This book is the first of a 3-part analysis of the deeper meanings hidden within the runes of the Elder Futhark. Through various avenues of mythology, language, and history, we will expand the scope and meanings present in each rune as it moves through time and culture. We will explore well known runic theories, as well as delve into uncharted and obscure territory that is meant to leave the reader with the sense of “vastness” present in each individual rune.
Throughout the project, we will examine common themes, philosophical musings, and an overall expansion of the deeper connotations that each rune encompasses. We will examine direct connections to the god Freyr and discuss many other deities present in this specific row of runes. Although the basics of rune theory are covered here as well, I don’t necessarily recommend this book to beginners or people new to Germanic Paganism. The reason being, is that this book may offer “too much information” and overwhelm someone without prior foundation in this esoteric system.
For beginners, I would recommend picking up my first rune book “Runes, Bindrunes and Hahalruna: European Sorcery and Divination”. That book will give you a good introduction to the runes while offering glimpses into cryptic aspects inherent in each one. It gives multiple angles one can view each rune from based on one’s experience and how one identifies with the initial word, shape, and sound of each rune. However, if dedicated and willing, this book can be approached first and may open many doors for your future research and practice.
I make runes nearly everyday. It keeps them fresh in my mind and allows me to express divine concepts through simple symbology.
With runes (and bindrunes) one can essentially deliver ideas to a fellow initiate without words; a language of its own based on the culture of those using them. This is the premise of all symbolism; the transfer of immense amounts of knowledge through very simple forms.
Here, we have a bindrune symbolizing Odin’s sacrifice on the Great Tree, where after 9 nights, he falls “screaming,” receiving the secrets of the runes. A gift for a gift (sacrifice).
Broken down we have :
ᛇ – Eihwaz (Yggdrasil, Axis Mundi, World Tree)
ᚬ – Oss (The hanging god, Odin)
ᚼ – Hagal (Hail, transformation, change)
ᚷ – Gebo (Gift, sacrifice, exchange)
If you want this, contact me. It’s made on Norway Spruce harvested from our land. If you want something custom of your own design, I would be honored to make it a physical reality. I have access to many kinds of wood, many of which are already processed and cured.
I have many runesets available as well. These include Elder Futhark, Younger and Anglo-Saxon Futhorcs. Adalruna sets are available as well, all on various wood types.
A lot of people these days are hungry for community, camaraderie, freedom, tribe, etc…
These are all good things to want and to ultimately strive for; especially when paired with a regular sacrificing of everything that doesn’t align itself with this vision.
However, for those who are seeking for this “group,” it is wise to not only find the correct group or collective to engage with, but when we do, the most important thing is not to ask “what this group can do for me,” but rather, “why does the particular group need me to become a part of it?”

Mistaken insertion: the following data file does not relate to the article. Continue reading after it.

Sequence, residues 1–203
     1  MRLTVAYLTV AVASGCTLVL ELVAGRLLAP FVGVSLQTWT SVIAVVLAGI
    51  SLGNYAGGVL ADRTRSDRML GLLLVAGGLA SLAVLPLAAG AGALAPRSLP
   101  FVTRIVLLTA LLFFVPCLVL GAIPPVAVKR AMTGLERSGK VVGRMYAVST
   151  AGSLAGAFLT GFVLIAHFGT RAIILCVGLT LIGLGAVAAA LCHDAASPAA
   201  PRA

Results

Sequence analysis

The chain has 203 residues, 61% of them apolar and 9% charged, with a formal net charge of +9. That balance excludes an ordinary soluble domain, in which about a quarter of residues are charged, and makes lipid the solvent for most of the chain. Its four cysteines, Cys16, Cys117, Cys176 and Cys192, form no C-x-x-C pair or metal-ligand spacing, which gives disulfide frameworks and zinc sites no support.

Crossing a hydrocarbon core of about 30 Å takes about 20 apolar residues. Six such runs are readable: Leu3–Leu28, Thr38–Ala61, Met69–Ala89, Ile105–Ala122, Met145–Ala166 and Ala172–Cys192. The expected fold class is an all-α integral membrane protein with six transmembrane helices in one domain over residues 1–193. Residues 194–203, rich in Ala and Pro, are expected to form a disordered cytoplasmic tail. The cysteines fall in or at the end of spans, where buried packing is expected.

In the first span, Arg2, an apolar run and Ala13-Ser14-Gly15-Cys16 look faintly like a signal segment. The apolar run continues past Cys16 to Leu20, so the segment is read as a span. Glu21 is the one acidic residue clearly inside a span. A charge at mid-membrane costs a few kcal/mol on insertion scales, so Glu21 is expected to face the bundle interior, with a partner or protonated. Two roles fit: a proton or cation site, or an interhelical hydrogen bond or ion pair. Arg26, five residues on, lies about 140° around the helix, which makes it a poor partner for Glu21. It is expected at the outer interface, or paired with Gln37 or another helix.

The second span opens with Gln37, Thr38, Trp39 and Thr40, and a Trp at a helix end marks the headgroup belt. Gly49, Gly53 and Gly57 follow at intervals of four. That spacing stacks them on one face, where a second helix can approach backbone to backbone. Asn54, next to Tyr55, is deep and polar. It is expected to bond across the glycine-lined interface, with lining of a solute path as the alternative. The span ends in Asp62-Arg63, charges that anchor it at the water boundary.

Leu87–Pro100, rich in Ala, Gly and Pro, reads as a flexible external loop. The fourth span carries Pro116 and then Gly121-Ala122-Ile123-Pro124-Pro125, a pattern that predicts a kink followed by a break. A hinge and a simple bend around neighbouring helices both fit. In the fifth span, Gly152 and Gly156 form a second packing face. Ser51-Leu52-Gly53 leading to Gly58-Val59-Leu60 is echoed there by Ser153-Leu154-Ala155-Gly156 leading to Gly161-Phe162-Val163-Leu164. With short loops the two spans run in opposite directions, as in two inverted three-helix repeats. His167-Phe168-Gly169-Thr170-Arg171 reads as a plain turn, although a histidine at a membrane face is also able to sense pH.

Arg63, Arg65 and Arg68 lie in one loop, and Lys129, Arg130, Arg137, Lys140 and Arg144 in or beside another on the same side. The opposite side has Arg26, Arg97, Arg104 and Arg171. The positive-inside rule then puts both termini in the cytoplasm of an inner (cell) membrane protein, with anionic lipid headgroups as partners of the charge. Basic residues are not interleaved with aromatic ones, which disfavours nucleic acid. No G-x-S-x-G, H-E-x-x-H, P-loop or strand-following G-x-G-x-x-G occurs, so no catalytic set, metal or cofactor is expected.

If you can answer the second part easily, you will have no issue in your ascension within any group. If you can’t, you will have to acquire this sense on your own if you wish to gain importance within said group.
The tree we chose to represent our Irminsul/Yggdrasil is located in the dead center of our property and is one of the oldest trees still remaining after the years of logging, oil drilling, and neglect the land has experienced.
The Shagbark Hickory tree, as someone who came from the West coast, was one of the first trees I noticed around my new home in the East, being highly mysterious and eerie looking, especially in the fall and winter. It’s many knots, “shaggy” bark, holes and twists make it look like something out of a Halloween movie, it just needs an owl and some bats…
These trees can live around 350 years and grow up to 100 feet tall. They produce delicious edible fruit (nuts) that resemble the pecan in texture and flavor. The native tribes who had access to this tree used it for a variety of food products, including milk, flavorings, and bread. It is also a choice wood for smoking meat.
Just like the Germanic tribes favored Ash for weapons and tools, some Native Americans used these trees for weapons, tools, arrows, bows and drumsticks. The bark was also used to flavor a maple syrup alternative.
The Seneca Indians associate these trees with the dead and bringing the dead back to life. It’s said that one could leave the bones of the dead beneath the tree and essentially threaten them to become resurrected lest they be crushed by the limbs of the hickory tree.
Once you see one of these interesting trees it’s hard to not recognize them everywhere. The Shagbark Hickory, in particular, because of its flowing, shaggy, disheveled bark that is signature to their character. This trait, however, is only found amongst mature trees, usually over 20 years old. Until then, the bark remains very smooth, similar to beech.
If you live in the Eastern United States, from Texas to Maine, it is likely you have one of these trees around. I recommend to everyone who has access to one of these awesome trees to sit with one, observe it, experiment with one of its related products, and enjoy its unique character amongst the other trees of the woods.